Interview with Ustadh Kashif Naseem Dilkusha

azan-logoKashif Naseem Dilkusha is the founding member, lead instructor and project head of Azan. His passion for teaching is evident in his energetic approach and engaging style. He also heads an NGO, Mushkeeza, and is a valuable member of his family business setup. At present, Usdath Kashif is involved in various Dawah projects and activities held in Karachi, some of which include- LiveDeen and the delivery of Friday Khutbahs and lectures at numerous Masajid and other religious social gatherings. His articles have been published on MuslimMatters.org

1.      What is it about Islam that attracts a young man or woman today?

Islam is not only about faith; it is a complete and comprehensive way of life leading to a balanced way of living. Islam is a comprehensive system for all life affairs and human behaviour.

Youth is the prime time of your life; it is very precious to Allah (swt). Islam specifically addresses the youth, urging them to make the best use of this valuable period of their life.

Allah (swt) promises extra reward for the youth, if they are sincerely devoted to Islam. For example, the Prophet (sa) said that on the Day of Judgement, there will be seven types of people to whom Allah (swt) will give shade. As we all know, on the Day of Judgement, there will be no shade except for Allah’s (swt) shade. From amongst the seven groups who will have shade on that Day? One group is of those who spent their youth in the worship of Allah (swt). (Bukhari)

Islam puts a lot of significance on the grooming of our youth.

A few features that attract the youth of today to Islam are:

  1. The hope Islam gives.
  2. The fact that Islam is a permissive Faith. It allows us to have fun within some parameters.
  3. The fact that that there is no hierarchy. The care and concern for and the promotion of human rights, the importance of delivering justice to all. The upholding of the rights of the oppressed.
  4. This point is especially for the young Muslimahs of today. Women in Islam have a very special place, status and dignity that was unknown to humanity before the advent of Islam.

2.      Do you consider Muslim youth confused about their identity and future?

Yes, I think the Muslim youth is confused. The reason behind this confusion is the absence of Islamic material in our educational curriculum and false depiction of Islamic teachings. In addition to that, there are no specific activities from Dawah organizations to cater to the youth and bring them back to Islam. We need to encourage the youth to see Islam in a positive light and not as a burden, as it is often portrayed. Currently, no or very few organizations address the diverse and complex needs of the Muslim youth.

We need to encourage the youth to see Islam in a positive light and not as a burden, as it is often portrayed.

3.      Which qualities of our youth make you hopeful that, if they mend their ways and get connected to the Creator, our Ummah will improve?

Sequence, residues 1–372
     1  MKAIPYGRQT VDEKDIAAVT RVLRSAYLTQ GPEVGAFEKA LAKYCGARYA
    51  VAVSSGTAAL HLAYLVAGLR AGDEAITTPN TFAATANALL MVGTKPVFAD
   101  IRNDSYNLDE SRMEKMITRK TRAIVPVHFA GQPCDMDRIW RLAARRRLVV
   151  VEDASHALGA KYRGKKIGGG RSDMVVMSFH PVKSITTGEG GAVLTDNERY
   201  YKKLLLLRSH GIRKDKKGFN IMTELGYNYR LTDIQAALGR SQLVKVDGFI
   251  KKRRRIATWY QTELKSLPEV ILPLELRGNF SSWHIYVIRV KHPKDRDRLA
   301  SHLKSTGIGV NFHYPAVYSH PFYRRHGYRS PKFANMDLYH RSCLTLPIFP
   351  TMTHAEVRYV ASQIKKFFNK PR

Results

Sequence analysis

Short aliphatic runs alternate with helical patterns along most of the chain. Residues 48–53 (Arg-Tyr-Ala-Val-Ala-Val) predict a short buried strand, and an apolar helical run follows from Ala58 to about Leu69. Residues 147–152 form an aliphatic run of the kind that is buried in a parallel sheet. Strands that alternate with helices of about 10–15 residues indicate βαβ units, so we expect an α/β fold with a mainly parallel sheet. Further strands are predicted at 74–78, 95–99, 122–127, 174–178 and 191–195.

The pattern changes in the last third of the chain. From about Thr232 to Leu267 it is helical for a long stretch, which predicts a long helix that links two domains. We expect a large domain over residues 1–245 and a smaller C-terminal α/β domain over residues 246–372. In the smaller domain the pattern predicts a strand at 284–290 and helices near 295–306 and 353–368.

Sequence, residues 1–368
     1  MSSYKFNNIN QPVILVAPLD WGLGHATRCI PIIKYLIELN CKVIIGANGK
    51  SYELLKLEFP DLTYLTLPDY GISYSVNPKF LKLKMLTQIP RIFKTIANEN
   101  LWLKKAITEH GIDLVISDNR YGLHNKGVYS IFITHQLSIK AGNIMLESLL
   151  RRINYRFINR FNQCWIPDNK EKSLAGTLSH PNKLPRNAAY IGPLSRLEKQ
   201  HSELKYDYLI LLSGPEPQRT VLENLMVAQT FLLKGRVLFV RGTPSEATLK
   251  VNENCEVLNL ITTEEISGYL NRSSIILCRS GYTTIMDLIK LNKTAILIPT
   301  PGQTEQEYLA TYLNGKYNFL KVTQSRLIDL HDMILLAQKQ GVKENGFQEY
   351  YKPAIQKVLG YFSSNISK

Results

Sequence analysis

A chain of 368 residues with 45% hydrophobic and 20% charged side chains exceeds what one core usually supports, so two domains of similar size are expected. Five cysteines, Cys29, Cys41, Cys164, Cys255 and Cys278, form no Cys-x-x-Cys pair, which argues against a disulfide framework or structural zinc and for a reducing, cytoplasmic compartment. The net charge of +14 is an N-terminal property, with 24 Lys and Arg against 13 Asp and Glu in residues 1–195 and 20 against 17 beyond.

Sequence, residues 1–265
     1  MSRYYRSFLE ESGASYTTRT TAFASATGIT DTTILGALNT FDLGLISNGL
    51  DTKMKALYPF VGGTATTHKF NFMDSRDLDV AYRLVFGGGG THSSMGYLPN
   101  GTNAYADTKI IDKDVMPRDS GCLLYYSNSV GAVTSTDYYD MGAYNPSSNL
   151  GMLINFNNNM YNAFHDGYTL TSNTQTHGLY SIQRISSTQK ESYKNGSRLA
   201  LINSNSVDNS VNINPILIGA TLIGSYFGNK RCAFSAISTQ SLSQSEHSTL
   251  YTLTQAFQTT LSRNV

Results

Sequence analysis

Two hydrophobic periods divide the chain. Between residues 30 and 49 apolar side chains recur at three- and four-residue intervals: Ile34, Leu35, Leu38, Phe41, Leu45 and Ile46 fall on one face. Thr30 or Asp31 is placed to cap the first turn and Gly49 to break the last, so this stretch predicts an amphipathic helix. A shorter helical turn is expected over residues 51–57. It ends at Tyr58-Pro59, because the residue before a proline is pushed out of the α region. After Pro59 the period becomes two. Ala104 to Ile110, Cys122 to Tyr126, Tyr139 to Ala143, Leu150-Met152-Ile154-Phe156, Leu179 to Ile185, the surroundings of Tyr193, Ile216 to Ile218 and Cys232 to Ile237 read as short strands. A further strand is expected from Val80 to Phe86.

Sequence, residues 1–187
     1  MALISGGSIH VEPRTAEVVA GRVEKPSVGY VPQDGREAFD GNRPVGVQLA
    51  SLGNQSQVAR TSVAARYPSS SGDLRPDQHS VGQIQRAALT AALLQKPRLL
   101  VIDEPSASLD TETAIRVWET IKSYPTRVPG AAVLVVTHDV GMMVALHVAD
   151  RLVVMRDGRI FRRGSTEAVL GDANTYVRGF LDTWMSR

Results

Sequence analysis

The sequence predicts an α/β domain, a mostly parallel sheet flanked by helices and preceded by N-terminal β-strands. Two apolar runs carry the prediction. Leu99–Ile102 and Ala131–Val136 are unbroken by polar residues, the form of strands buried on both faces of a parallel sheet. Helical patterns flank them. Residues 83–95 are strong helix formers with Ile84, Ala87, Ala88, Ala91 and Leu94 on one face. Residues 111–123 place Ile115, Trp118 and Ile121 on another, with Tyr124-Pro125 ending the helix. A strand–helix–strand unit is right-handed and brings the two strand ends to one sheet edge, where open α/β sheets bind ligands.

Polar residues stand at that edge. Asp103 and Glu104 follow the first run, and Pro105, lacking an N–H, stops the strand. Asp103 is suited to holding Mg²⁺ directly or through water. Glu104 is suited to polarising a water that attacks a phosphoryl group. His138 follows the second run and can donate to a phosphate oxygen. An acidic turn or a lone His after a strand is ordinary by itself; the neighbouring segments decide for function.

Youth is the most energetic stage of life, worthy to make the best use of and a time to strive towards excellence. Youngsters are full of energy and passion. Their road is paved with hope, persistence and enlightened thinking. Indeed, it is a period of productivity. Muslim youth must be aware of the importance and value of their lives. To achieve the best outcome, they should be directed towards the right path. The age of adolescence is a very sensitive period that requires caring, reinforcement of good guidance to Allah’s (swt) way and good ethics.

We should teach our youngsters about Islamic history, which has a myriad of examples of great Muslim youth who were luminaries of humanity. Young people gathered around Prophet Muhammad (sa) to carry his call of Islam forward. To name a few, Zaid bin Thabet (rta), who collected the whole text of the Holy Quran, and Musab bin Umair (rta), who was the first ambassador in Islam. He was asked by Prophet Muhammad (sa) to go to Madinah to teach the Quran; through him and his teachings the people of Madinah converted to Islam. This young prince of Makkah sacrificed every luxury of the world when he embraced Islam, only for Allah (swt) and His Messenger Muhammad (sa).

The biography of Muhammad Bin Qasim should be part of our curriculum. We should teach to our youth, how he conquered Sindh and governed it in such a manner that even the non-Muslims wanted him to stay with them instead of moving on.

We should teach our youngsters about Islamic history, which has a myriad of examples of great Muslim youth who were luminaries of humanity.

They should be taught about Aisha (rta), a young woman, who was an extremely accomplished young woman and who fulfilled all her responsibilities as a wife as well. Teach them about the bravery of Asma (rta) and the firm faith of Sumayyah (rta) who gave her life for the truth.

If our youth connects to the Deen and make the Prophets (sa) their companions and the rightly guided people as their true role models, the affairs of our Ummah will definitely change positively.

4.      What is the best way for elders to treat the young? There seems to be much mistrust between them and the elders often don’t treat the youth with respect.

Elders must be open with them, listen to them and learn to do some of ‘their stuff’. They should accept that times have changed, and thus, the youth should be nurtured and groomed according to the standards of this time, not the past times that the elders experienced. One of the most effective mental exercises that a parent, teacher or youth mentor can undertake in order to enhance their empathy and compassion towards youngsters is to allow themselves to see things from the perspective of the youth.

5.      As a family, what is the positive role that parents must play in the lives of the youth?

Be a role model for them. Be proactive. Don’t just sit back and leave everything to the school and Maulvi sahib to teach them. Always remember: children listen with their eyes and not with their ears. So watch your life. Be the change you wish to see! Parents should keep a critical eye on their own behaviour and personal conduct.

6.      What advice would you give to the young and spirited?